To satisfy the most basic signaling needs, I pack a whistle and mirror in every kit I carry. For ultralight travel, the smallest whistle and mirror combination I could find is made by UST Brands. The StarFlash Micro Mirror and JetScream Micro Whistle together weigh under an ounce and provide peace of mind for emergency communication. A 6-foot length of flagging tape adds under an ounce of additional weight and helps with marking trails and locations. Rounding out our signaling load-outs were our cell phones. Even for EDC, a near-7- ounce phone is essential and effective as a signaling device (when there is cellular service).

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Knife

More than one Appalachian Trail through-hiker has stated that the only knife he/she carried and needed was a Victorinox Classic. For those unfamiliar with this pocket knife, it is the smallest Swiss Army keychain knife produced. When asked what they used the knife for, each hiker said, “only cutting open freeze-dried food packages.” The Victorinox Classic is a great pocket knife for a keychain and an excellent choice for the weight conscious, but it is a poor substitute for a true field knife meant for any real utility task.

Superlight hikers will opt for a single, hard-backed razor to cut weight even further. The knives we normally carry are difficult to give up in exchange for lighter-weight options. Substantial stock thickness and palm-filling grips give peace of mind when using your knife hard.

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To cut weight, I examined the knives I normally carried and looked at the minimal dimensions necessary in the field. I swapped out my full-sized Leatherman 300 multi-tool for a Leatherman Squirt, and my Bark River Bushcrafter was exchanged for the Ultra-light bushcrafter. The full-sized pairing weighs in at 12 ounces, while the ultralight combo is only 6.4 ounces. If I wanted to cut weight even more, my folding neck knife is only 2.7 ounces. Ultralight to heavyweight, a knife is the most important item in your tool kit; and a real knife puts my mind at ease much more than a small pocket knife.

First aid/Safety

First aid equipment is important in any emergency kit or backcountry load-out. The absoluted, bare-bones ultralight kit is my bandana, adapte from my EDC. Folded like a cravat, it can be use as a pressure bandage, dressing, or sling. In addtion, sample packets of triple antibiotic ointment are widely available, and minor “ouchie-boo-boo” kit items are too light not to pack. Given the exposed nature of ultralight camps, a good insect repellent should be carried, as well.

A word of advice: When pushing your comfort level into the red zone, always designate one person to be in charge of safety and first aid. In this case, one of the participants who hosted the weekend campout is a nurse and former Army medic who laced the trail we hiked with emergency supplies—just in case.

Cordage/Utility

Parachute cord is the gold standard survival cord by which all others are judged. In my ultra-light pack, I reduce the amount of 550 cord and increase the amount of lesser-tensile-strength lines. Around 25 to 50 feet of 550 parachute cord is divided into shorter hanks.

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For estimation of weight, remember that 10 feet of paracord weigh 0.8 ounce. A smaller tarp does not need a large space between trees to run a ridgeline; therefore, less cordage in my pack. Simple jute twine is light-weight and can handle just about any ultralight camp lashing task. It also doubles as firemaking tinder if pulled apart and teased into a small bird’s nest. For suspending even lighter gear such as candle lanterns, dental floss is all that is needed.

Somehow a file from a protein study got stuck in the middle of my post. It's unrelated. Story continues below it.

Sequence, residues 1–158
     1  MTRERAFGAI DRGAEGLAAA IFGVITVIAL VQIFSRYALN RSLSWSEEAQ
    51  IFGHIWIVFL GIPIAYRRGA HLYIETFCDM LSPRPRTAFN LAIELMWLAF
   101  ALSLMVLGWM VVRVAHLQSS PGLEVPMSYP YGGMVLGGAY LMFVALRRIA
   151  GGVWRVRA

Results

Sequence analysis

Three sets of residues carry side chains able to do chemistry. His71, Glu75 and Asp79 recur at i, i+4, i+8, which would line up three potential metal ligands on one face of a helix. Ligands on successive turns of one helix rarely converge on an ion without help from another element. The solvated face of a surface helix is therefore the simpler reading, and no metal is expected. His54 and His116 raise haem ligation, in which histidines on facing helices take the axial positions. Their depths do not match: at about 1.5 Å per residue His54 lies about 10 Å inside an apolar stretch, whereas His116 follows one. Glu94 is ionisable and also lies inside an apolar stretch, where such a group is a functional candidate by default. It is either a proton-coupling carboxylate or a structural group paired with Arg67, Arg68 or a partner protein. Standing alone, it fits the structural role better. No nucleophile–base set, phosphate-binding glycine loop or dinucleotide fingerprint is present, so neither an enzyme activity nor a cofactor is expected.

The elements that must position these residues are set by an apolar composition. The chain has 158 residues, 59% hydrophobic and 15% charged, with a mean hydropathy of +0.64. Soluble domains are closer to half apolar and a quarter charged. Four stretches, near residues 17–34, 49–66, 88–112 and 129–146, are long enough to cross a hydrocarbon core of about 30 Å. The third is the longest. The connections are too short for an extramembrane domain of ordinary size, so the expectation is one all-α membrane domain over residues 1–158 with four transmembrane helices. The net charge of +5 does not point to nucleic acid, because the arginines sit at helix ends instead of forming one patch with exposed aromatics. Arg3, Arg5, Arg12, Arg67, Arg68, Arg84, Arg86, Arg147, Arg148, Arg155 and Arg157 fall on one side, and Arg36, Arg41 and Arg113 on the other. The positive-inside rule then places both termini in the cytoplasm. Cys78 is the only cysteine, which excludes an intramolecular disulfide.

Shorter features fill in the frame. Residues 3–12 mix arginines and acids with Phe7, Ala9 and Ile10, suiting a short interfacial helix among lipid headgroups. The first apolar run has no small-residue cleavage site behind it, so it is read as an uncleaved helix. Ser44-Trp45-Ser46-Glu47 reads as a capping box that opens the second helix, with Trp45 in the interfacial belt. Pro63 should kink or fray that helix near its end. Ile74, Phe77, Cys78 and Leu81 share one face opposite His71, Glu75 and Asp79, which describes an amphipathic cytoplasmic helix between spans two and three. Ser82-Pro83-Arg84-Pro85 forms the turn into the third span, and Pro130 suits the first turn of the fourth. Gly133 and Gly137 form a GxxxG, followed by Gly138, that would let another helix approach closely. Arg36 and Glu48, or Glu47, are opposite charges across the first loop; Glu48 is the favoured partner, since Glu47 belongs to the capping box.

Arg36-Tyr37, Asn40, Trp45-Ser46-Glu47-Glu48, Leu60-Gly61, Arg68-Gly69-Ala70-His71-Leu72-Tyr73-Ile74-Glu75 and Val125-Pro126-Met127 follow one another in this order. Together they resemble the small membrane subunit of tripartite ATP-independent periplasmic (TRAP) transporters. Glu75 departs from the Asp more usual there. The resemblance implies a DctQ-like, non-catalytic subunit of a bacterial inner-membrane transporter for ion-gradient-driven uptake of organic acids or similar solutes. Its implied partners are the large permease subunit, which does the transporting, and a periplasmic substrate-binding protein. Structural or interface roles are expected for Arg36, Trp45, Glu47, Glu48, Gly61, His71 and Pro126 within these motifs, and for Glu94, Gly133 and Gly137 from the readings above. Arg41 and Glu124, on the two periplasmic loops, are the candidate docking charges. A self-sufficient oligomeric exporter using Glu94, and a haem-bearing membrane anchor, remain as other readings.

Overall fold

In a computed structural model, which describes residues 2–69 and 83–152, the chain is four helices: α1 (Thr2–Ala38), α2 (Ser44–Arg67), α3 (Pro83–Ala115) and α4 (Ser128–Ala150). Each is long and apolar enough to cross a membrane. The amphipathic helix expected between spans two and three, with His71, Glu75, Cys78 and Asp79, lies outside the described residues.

Water / Cooking

“A pint’s a pound the world around.” This old saying speaks the truth: 16 ounces of water is 1 pound of weight. Water weight cannot be avoided, but the weight of the container can. Titanium is a popular option; I have an ultralight container/cook kit made by Heavy Cover, Inc. Essentially a titanium USGI-style canteen, this container comes complete with a lid to maximize boiling efficiency.

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To supplement this, platypus bladders (0.9 ounce) are used, because they are significantly more durable than ziptop bags. Should ziptop bags be the only option available for water storage and transport, always protect their integrity with a spare t-shirt, bandana, or cloth material.

Lesson learned

Ultralight camping is not impossible; it just requires more attention to detail and sacrificing some items. Participants from this trip did their research and looked up “seasoned ultralight camper’s” wisdom. My associates followed some of the tips—such as ditching stuff sacks and tent pegs—but didn’t get too obsessive creating toothpaste dots (dried toothpaste portions on waxed paper) and cutting handles off toothbrushes.

Additionally, to sleep warmer, they learned they would likely sacrifice gadgetry (for cooking, lighting, or camp comfort). Also learned: At some point, safety can, but should not, be sacrificed. On our last night, rain came in, and one participant’s lightweight rainwear failed. In cooler weather, this seam failure could result in hypothermia. Again, smaller tools work well in fair weather, but when fingers suffer from lack of dexterity, larger manipulatives are better. Luckily, this trip was held under controlled situations, and even with the rain, we weren’t too far from safety should a real emergency have occurred.

Story by Kevin Estella

Editors Note: A version of this article first appeared in the December 2015 print issue of American Survival Guide.